Like the snake-oil of old, this contains no snake oil, no five hours, and no energy

Five-hour energy is classified as a dietary supplement. There is no energy to be found in this bottle, and if you wanted something healthier, a cup of coffee would work longer, faster, and a good night’s sleep even more. We endorse any measure that brings safety to the public- and the proper labeling of nutritional supplements is basic.

Its natural – so it has to be good
Natural does not mean good, by any mechanism. There are many poisonous plants out there, they are all natural, and they can be used or have been used in medicine, and can kill.  Think hemlock!

More people are killed by Prescription Medications than Supplements
There is no medicine that does not have a side effect – and the same is true with vitamins and supplements. A drug that has passed the FDA standards has been shown to be effective treatment in clinical studies, where the patient’s often did not know if they were taking a drug or a placebo. The drugs have been tested for the range of safe dosage (too much of anything can kill you, and too little is ineffective). In contrast, dietary supplement manufacturers can introduce new products without providing the Food and Drug Administration proof that the supplement is (a) safety or (b) effective.  Prescription drug labels and their package inserts must mention all possible adverse effects and interactions, supplement makers are not required and don’t  put safety warnings on the labels, and a number of those products have known serious side effects.

Appeal to antiquity – these have been around for thousands of years, so we know they are safe
Sadly this is not the case. Example after example of herbs that can cause damage are found every year. While in China we were hijacked to the Chinese Medicine Institute where they said they only got their medicine from Tibet, and that they were the best medicines (how starfish came from Tibet, I don’t know, but reality didn’t seem to play a part of their sales job). Right now there are over 54,000 supplements listed in the National Medicines Comprehensive Database and 12% of those have been linked to safety issues or to manufacturing problems.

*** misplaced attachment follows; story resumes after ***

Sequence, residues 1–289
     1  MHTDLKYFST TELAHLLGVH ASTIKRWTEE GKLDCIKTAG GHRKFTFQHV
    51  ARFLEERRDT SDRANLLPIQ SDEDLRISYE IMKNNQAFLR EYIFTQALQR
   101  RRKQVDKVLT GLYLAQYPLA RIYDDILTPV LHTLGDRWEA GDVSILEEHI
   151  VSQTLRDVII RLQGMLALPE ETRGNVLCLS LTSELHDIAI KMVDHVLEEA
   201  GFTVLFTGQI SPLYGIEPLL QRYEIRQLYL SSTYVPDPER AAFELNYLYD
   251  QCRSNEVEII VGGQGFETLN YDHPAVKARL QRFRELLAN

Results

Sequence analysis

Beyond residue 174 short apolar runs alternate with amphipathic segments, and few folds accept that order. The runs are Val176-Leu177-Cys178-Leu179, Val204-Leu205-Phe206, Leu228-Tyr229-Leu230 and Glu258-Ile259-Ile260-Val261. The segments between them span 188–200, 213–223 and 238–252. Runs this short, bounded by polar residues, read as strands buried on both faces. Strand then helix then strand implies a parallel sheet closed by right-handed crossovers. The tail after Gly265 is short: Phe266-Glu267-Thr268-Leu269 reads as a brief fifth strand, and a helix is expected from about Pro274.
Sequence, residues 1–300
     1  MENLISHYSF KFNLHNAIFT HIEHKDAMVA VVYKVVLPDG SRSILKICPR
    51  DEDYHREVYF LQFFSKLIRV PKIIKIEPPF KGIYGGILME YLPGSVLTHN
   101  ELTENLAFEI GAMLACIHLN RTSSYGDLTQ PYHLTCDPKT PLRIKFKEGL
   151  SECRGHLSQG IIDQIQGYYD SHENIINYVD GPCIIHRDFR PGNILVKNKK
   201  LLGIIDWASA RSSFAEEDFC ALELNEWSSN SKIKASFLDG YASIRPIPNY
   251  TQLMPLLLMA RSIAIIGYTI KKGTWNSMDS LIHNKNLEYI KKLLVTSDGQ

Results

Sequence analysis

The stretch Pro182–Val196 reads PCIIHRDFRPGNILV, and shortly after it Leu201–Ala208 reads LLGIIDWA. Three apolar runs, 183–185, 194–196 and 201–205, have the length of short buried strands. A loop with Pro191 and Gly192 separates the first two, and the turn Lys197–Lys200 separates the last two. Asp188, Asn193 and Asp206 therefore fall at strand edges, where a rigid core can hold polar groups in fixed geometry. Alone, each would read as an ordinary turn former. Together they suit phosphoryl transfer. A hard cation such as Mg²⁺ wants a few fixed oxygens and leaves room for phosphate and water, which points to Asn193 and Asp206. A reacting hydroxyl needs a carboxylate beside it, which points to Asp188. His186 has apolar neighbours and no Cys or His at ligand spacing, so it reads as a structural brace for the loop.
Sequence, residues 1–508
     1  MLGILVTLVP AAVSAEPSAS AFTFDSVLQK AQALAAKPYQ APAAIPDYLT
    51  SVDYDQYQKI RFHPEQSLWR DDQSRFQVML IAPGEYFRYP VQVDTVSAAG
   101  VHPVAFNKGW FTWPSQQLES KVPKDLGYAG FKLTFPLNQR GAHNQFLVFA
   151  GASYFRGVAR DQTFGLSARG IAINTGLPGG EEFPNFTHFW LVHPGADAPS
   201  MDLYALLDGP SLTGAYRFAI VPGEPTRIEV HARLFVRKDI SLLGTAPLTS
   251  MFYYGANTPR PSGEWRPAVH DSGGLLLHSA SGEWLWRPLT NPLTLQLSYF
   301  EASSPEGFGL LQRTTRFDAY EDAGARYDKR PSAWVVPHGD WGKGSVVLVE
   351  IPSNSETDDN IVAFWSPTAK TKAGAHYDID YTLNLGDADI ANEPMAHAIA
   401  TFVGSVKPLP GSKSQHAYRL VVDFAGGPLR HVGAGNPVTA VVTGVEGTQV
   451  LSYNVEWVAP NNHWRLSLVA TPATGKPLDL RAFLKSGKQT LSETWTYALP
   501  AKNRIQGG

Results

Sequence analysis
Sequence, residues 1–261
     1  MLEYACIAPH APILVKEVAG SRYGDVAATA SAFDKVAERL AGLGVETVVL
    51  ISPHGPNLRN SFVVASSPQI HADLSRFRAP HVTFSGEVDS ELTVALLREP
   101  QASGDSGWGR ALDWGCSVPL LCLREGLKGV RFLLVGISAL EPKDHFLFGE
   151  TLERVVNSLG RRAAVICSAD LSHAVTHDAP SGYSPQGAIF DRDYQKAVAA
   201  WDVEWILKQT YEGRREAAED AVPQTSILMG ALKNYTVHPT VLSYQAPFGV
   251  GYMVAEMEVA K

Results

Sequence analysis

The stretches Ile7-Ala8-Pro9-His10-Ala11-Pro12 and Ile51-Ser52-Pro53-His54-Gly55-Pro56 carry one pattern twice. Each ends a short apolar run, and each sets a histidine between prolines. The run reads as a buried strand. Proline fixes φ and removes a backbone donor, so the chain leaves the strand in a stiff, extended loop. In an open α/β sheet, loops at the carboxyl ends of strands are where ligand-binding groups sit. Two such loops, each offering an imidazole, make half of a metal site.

Lots of herbs from Tibet- we all know Tibet is where they have the best

How can I tell if the supplement I am taking is safe?
A small minority of supplement makers have asked the United States Pharmacopeia (USP) a nonprofit, nongovernment standards-setting authority, to verify the quality, purity, and potency of its raw ingredients or finished products. USP-verified products are rare. While the manufacturing process has been regulated, there are not enough regulators to verify compliance.

Do these supplements interfere with my medications?
They can, and that is the most concerning. In surgery we always ask that people discontinue taking supplements at least a week before surgery – simply because we don’t know what is in them, and we have no idea if they will interfere with anesthesia, or cause excess bleeding in surgery. Drug interactions are well known with medications, but supplements are not – not only do we not know the dose of the supplements, we also don’t have a register for people with issues to lodge concerns.

Dr. Terry Simpson – has written 270 posts on this site.
Dr. Terry Simpson is a Phoenix weight loss surgeon. He encourages his lap-band surgery patients to learn to cook and adopt healthier lifestyles. His goal is to use culinary medicine to keep patients out of his operating room. www.drterrysimpson.com